There were quite a few things that came together and made Tuesday night a wonderful experience. One was living in Tucson where we have The Loft. It's a non-profit art house that celebrates independent and specialty cinema the way it should be celebrated. The second was the one night showing of the award wining documentary about Bipolar Disorder: "Of Two Minds." The third being that I was asked to sit on the Q&A panel with the director and a few others afterwards to facilitate the ongoing conversation about mental illness. Flattering and totally inspirational.
Watch this movie. If you have a mental disorder (many of us do) or you know someone who does (and really, all of us do) this eloquently filmed documentary is the perfect catalyst towards more exploration. Many commented that those featured tended to be incredibly eccentric, vivacious, and artistic. They wondered if those who didn't have those qualities were going to be represented as well. There are many who maintain more of the bitter downs connected to Bipolar (and we need to talk about them too), but my experience is (and many many many studies have shown) that there is a high correlation between brilliant creativity and "madness". There is even a conference about it. I loved that this film showed that.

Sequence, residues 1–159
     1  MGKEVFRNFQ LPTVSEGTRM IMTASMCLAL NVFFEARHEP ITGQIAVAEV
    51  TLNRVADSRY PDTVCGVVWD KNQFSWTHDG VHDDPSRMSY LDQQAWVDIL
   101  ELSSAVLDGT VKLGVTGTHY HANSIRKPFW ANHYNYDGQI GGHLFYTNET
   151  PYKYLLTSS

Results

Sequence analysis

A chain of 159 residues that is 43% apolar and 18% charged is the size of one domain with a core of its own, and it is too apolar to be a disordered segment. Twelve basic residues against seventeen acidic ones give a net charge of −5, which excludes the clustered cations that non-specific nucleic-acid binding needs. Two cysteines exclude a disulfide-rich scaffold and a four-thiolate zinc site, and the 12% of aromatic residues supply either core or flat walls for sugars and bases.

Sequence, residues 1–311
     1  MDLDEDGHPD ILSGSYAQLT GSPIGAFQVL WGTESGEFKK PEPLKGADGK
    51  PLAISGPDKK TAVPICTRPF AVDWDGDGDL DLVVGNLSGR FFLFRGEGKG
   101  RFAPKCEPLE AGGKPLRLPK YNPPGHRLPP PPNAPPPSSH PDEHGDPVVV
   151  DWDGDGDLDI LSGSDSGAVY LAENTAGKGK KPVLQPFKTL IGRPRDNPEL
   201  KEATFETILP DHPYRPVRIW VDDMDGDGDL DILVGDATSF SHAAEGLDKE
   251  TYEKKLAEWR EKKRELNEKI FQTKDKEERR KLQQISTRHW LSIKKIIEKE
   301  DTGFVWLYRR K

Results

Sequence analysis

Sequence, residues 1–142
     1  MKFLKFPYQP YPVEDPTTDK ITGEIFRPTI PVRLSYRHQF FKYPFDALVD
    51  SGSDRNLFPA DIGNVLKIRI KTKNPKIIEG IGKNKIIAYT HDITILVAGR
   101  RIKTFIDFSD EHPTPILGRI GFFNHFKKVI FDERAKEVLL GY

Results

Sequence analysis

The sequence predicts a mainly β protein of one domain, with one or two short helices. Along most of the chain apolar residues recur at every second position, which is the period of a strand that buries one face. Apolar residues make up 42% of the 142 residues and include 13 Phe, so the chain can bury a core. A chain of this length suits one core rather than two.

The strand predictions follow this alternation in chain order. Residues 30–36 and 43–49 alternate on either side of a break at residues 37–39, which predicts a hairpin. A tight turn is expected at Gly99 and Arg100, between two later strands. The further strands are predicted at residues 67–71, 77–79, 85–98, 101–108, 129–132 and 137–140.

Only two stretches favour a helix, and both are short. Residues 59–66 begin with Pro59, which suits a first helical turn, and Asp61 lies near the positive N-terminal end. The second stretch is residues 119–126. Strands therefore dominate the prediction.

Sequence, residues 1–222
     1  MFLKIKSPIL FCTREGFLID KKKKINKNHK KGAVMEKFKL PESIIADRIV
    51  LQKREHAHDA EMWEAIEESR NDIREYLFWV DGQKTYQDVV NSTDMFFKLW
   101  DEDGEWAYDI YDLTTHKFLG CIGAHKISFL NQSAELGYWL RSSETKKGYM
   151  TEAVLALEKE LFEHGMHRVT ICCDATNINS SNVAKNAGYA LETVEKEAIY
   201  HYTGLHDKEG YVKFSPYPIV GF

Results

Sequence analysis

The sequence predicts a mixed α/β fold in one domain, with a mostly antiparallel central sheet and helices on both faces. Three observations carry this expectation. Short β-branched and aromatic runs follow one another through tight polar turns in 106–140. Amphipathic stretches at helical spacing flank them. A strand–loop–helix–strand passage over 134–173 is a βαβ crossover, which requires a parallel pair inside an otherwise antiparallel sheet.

The film also introduced me to Liz Spikol, a fucking fantastic journalist that is well known for her honest, candid, and hilarious representation of living with mental illness. I know I will be just one more email in her inbox, but she needs to know how much I identify with and love her. SO MUCH LOVE.
Most of the discussion following the movie came from those concerned about how to help a family member who has a diagnosis. This was a needed reminder that while I'm comfortable working within the world of recovery... there is a lot of knowledge and education that needs to be shared with the public. And in this way, I feel that this movie is a critical contribution. Bipolar is the conversation starter. The term may be flippantly overused, but there is something to be said for the fact that society doesn't cringe when hearing it nowadays. It's also considered by some a "contributory" illness meaning that while experiencing mania, people with Bipolar Disorder become inspirational and productive superheros! And that's viewed as a good thing, right? NPR covers this in The Unquiet Mind.
While it's difficult for me to isolate "one diagnosis" and not talk about the rest (seeing as the spectrum of mental health is completely nebulous), I was grateful for Doug Blush for framing such an emotional subject and transforming it into a brilliant work of art. The movie stirs people, and that internal motion is the first step towards change.
What are your thoughts on the best way to start talking about serious issues like mental illness?